A variation on the inventive concept is shown in FIG. 4 and involves leading cable sections 18a, 18b into housing 12 from the same channel, such as 16. This arrangement is useful wherever the cable path or economics require a departure from the opposite winged structure in FIG. 1. In such case, channel 17 would not be necessary and the vertical well 13 would not include an opening on the channelless side.

What is claimed is: I

1. An underground cable closure comprising:

7 than the well width, with an elongated entrance opening vertically onto the lower region of said well, and a roof extending downwardly and outwardly from said well, the bottom of said well and of said enclosure being substantially coplanar.

3. Apparatus in accordance with claim 2, wherein said platform further comprises a floor with openings therein through which to receive cable conductors, a terminal post mounted on said floor for supporting said conductors, said plurality of sides extending downwardly from said floor forming a chamber for leading cable from the enclosure to said platform, and means for fastening said cable to said platform in substantially parallel relation to said platform sides.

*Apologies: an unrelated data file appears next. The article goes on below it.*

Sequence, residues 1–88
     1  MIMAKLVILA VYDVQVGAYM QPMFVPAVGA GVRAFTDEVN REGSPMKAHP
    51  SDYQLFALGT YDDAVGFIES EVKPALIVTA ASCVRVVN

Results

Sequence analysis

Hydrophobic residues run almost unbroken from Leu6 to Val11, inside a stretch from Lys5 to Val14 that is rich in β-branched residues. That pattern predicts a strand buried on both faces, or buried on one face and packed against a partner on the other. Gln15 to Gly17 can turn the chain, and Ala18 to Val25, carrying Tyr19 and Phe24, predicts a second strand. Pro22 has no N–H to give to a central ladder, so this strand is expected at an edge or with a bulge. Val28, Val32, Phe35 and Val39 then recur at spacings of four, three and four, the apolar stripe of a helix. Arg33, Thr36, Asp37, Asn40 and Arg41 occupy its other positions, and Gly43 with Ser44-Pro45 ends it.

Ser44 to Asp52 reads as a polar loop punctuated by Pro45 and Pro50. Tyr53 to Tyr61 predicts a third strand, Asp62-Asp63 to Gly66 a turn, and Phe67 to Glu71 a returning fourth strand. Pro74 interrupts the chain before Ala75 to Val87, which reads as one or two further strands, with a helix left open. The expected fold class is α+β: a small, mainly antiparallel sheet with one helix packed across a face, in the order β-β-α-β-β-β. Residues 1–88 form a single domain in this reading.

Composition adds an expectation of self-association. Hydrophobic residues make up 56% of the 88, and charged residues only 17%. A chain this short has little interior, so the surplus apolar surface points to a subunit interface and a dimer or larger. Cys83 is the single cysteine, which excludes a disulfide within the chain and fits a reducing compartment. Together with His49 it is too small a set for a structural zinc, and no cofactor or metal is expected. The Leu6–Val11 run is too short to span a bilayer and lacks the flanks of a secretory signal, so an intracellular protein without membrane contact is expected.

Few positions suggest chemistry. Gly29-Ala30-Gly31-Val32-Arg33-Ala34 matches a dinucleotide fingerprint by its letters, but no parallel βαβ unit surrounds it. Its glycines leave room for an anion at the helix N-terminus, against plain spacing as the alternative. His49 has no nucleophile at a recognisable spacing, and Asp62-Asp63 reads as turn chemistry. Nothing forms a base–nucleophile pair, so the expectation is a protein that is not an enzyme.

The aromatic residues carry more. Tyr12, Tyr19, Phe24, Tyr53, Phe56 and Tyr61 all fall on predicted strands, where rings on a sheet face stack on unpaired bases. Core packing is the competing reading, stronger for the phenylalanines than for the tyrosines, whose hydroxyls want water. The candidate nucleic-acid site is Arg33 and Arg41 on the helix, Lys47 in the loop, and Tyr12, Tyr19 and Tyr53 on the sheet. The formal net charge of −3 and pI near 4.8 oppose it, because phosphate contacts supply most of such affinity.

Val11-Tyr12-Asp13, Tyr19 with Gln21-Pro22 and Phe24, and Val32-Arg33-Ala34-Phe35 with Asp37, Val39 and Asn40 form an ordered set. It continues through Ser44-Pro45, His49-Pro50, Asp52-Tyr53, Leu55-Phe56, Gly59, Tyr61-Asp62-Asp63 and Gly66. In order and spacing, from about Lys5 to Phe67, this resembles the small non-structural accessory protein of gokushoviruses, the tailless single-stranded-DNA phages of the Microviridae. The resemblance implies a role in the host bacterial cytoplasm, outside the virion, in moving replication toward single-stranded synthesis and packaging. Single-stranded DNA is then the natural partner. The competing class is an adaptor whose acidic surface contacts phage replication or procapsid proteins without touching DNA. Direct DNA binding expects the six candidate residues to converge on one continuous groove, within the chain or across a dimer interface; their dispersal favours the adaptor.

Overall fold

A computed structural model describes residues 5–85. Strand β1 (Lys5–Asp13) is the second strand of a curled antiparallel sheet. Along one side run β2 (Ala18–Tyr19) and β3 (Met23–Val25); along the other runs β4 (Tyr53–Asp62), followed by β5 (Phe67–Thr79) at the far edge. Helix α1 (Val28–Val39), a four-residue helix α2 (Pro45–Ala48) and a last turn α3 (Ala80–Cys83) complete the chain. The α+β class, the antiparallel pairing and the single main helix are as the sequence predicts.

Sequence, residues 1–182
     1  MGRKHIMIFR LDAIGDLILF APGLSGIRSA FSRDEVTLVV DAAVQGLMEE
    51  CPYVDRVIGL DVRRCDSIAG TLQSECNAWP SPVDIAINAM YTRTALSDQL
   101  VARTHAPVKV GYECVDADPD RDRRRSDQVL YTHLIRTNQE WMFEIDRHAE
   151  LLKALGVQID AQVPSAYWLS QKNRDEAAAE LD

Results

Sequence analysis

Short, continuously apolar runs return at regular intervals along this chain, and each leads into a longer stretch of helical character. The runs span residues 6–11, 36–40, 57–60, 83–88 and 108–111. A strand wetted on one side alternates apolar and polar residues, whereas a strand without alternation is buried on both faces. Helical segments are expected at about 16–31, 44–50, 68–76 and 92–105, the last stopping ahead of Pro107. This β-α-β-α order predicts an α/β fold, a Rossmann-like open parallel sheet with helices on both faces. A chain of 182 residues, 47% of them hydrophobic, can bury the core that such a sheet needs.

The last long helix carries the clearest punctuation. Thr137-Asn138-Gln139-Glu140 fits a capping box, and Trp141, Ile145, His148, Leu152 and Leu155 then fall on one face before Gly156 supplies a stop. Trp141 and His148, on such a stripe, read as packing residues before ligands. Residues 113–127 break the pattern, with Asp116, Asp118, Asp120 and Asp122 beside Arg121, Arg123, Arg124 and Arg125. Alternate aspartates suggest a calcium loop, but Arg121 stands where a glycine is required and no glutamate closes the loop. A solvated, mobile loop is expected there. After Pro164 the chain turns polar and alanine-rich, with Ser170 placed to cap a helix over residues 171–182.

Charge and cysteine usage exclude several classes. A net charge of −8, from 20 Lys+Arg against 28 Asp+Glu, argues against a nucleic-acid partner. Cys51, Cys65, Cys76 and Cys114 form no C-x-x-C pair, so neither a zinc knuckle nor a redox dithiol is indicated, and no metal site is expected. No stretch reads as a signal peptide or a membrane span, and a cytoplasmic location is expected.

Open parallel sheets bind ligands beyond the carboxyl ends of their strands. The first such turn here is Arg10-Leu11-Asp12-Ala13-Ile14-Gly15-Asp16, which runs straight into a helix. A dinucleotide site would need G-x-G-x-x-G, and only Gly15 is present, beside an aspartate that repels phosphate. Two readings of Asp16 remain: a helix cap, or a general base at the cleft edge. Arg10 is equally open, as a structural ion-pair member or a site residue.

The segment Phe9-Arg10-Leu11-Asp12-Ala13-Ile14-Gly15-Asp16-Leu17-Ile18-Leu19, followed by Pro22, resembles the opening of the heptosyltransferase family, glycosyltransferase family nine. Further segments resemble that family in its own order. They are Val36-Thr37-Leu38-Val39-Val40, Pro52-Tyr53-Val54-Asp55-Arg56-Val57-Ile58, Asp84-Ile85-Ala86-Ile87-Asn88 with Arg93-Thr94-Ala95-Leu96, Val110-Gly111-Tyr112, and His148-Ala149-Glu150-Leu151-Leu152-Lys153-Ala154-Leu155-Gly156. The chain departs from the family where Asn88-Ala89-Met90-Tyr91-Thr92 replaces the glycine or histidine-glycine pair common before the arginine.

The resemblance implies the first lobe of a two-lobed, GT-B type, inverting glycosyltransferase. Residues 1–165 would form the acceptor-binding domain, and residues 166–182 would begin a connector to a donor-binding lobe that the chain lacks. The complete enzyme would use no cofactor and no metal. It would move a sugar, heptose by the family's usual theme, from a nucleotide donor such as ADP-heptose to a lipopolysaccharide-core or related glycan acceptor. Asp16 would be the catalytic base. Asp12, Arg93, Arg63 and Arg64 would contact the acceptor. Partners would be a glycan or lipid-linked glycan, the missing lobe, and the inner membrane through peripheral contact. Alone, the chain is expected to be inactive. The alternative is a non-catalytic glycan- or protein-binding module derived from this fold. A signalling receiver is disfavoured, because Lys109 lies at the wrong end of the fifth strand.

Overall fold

4. Apparatus in accordance with claim 2, wherein said tracks comprise a pair of vertical guide rails aflixed on opposite sides of said well and extending substantially from said well mouth to a point marginally below the topmost portion of said enclosure opening; and wherein two of said platform sides each further comprise tab extensions mounted adjacent said floor for engaging the respective tracks, said tracks further including indentations for receiving said tabs to provide support for said platform only after the latter has been raised sufficiently to render said fastening means accessible.